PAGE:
Monday, March 19, 2018

Waiting for the other Gantry to drop

When cutting the first side of the gantry I used the "traditional" hold down method of clamps and the like on the edges. That works ok when you have a much larger piece of alloy than the part you are cutting. In this case there isn't much spare in the height axis (left right as shown) and as you can see very little in the x axis (up/down in the below image). My clamping allowed for more vibration on the first cutting than I like so I changed how I went about the second side of the gantry.

For the second gantry, after flipping things in the software so that I was coming in from the other side I drilled out 4 m6 holes and countersank them.

This way the bolts (m6x40) were almost flush with the work piece. These bolts go straight through the plywood and connect with t-slot nuts in the alloy bed of the cnc. So there isn't much ability to use bolts that are too long for this application. Counter sinking the bolts helps on a machine with limited Z travel as using some non stubby drill bits really locks down the amount of free play and clearance you can get. The downside of this work holding is that you are left with 4 m6 holes that don't really need to be in the final product.

In this case it doesn't matter as I can use them and a new plate to mount one or two cameras on the back gantry facing forwards. I have found that the best vantage for CNC viewing is when not in the same room and looking at the video streams.

In future jobs I might move the countersunk bolts to the edge so they are not on the final work piece.

So now all I have to do is free this piece from the waste, tap a bunch of m5 holes, drill and tap 5 holes on 3 sides of the new gantry pieces and I'm getting close to loading it on.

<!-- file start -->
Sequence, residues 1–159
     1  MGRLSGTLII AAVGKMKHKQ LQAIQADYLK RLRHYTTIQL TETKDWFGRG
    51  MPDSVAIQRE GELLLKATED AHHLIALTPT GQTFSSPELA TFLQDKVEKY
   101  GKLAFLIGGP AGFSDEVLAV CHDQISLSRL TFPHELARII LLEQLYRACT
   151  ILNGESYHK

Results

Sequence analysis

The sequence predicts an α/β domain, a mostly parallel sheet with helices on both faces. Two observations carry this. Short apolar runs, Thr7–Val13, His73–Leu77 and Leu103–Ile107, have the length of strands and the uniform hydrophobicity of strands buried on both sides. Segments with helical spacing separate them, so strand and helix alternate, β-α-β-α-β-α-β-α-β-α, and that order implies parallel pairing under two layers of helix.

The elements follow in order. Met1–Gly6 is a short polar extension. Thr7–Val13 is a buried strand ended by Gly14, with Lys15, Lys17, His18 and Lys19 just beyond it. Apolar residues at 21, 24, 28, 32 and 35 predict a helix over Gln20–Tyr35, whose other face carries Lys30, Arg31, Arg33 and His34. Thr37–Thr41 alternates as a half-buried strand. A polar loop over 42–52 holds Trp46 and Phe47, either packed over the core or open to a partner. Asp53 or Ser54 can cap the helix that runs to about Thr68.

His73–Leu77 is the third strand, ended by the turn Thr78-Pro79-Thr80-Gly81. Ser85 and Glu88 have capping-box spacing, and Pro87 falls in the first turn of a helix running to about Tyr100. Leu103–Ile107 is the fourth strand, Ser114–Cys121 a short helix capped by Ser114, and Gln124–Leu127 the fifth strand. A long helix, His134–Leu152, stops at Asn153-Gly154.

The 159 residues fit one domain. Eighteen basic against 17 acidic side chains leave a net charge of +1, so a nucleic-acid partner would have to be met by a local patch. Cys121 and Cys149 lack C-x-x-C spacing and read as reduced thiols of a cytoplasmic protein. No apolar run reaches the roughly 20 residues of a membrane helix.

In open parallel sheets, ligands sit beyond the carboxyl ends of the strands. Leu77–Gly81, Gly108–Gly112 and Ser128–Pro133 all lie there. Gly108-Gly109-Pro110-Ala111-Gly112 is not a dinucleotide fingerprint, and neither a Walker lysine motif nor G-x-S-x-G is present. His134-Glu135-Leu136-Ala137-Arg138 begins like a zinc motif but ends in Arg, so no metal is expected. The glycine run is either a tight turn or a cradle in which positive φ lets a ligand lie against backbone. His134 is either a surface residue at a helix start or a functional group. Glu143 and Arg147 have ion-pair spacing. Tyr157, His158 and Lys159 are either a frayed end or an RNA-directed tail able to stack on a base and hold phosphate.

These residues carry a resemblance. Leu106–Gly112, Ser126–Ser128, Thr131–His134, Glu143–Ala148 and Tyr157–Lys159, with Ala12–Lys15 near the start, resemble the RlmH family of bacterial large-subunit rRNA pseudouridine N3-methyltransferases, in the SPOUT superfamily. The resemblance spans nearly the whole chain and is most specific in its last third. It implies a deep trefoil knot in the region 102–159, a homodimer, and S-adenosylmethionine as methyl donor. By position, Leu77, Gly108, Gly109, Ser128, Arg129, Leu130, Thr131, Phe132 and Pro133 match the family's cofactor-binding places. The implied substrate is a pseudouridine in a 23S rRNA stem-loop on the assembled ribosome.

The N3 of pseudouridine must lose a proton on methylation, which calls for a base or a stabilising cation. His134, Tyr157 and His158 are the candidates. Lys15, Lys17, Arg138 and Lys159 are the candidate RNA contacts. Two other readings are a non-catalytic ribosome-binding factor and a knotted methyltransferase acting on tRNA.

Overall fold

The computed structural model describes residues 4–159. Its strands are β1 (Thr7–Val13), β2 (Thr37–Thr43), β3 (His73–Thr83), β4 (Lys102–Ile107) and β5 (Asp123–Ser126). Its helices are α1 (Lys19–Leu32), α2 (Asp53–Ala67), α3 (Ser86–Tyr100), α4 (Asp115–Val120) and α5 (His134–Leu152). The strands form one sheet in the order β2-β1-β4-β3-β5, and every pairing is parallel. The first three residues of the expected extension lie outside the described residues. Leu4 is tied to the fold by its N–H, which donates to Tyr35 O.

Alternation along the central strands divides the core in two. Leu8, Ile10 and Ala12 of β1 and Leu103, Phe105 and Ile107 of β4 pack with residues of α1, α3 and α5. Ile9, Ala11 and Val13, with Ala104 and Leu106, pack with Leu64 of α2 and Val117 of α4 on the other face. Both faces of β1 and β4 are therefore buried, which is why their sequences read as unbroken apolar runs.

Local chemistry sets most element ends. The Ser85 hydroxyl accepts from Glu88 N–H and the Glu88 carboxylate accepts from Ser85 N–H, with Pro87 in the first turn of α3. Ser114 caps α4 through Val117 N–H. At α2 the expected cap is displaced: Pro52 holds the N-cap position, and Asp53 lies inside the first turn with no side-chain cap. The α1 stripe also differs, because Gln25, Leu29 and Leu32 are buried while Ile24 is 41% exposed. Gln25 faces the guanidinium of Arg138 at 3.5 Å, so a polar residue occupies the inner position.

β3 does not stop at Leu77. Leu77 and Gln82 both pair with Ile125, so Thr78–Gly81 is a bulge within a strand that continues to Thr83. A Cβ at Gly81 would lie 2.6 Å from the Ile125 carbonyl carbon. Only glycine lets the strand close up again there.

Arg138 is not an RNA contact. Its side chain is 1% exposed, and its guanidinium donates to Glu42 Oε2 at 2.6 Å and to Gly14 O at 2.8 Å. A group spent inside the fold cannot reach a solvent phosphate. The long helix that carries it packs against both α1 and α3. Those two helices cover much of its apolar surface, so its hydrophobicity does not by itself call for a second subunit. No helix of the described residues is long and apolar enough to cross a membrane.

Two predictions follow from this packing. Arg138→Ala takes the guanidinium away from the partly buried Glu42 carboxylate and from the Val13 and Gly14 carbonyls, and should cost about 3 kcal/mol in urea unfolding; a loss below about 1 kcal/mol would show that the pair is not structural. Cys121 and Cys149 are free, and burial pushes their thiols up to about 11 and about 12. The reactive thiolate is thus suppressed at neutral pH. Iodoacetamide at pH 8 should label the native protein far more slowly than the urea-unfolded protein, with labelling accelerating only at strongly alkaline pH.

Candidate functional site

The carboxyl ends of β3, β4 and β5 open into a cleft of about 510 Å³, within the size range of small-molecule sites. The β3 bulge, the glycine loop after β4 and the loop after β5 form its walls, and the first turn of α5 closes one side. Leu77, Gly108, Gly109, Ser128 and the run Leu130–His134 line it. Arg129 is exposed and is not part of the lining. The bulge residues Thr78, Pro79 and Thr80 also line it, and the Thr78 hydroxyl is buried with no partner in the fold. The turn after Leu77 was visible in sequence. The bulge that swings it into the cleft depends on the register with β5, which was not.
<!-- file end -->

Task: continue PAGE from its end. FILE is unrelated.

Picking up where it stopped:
Sunday, January 21, 2018

4cm thick wood cnc project: shelf

The lighter wood is about 4cm thick. Both of the sides are cut from a single plank of timber which left the feet with a slight weak point at the back. Given a larger bit of timber I would have tapered the legs outward from the back more gradually. But the design is restricted by the timber at hand.

The shelves are plywood which turned out fairly well after a few coats of poly. I knocked the extreme sharp edges of the ply so its a hurt a little rather than a lot if you accidentally poke the edge. This is a mixed machine and human build, the back of the plywood that meets the uprights was knocked off using a bandsaw.

Being able to CNC thick timber like this opens up more bold designs. Currently I have to use a 1/2 inch bit to get this reach. Stay tuned for more CNC timber fun!

Friday, January 5, 2018

That gantry just pops right off

Hobby CNC machines sold as "3040" may have a gantry clearance of about 80mm and a z axis travel of around 55mm. A detached gantry is shown below. Notice that there are 3 bolts on the bottom side mounting the z-axis to the gantry. The stepper motor attaches on the side shown so there are 4 NEMA holes to hold the stepper. Note that the normal 3040 doesn't have the mounting plate shown on the z-axis, that crossover plate allows a different spindle to be mounted to this machine.

The plan is to create replacement sides with some 0.5inch offcut 6061 alloy. This will add 100mm to the gantry so it can more easily clear clamps and a 4th axis. Because that would move the cutter mount upward as well, replacing the z-axis with something that has more range, say 160mm becomes an interesting plan.

One advantage to upgrading a machine like this is that you can reassemble the machine after measuring and designing the upgrade and then cut replacement parts for the machine using the machine.

The 3040 can look a bit spartan with the gantry removed.

The preliminary research is done. Designs created. CAM done. I just have to cut 4 plates and then the real fun begins.

Tuesday, October 3, 2017

Ikea wireless charger in CNC mahogany case

I notice that Ikea sell their wireless chargers without a shell for insertion into desks. The "desk" I chose is a curve cut profile in mahogany that just happens to have the same fit as an LG G3/4/5 type phone. The design changed along the way to a more upright one which then required a catch to stop the phone sliding off.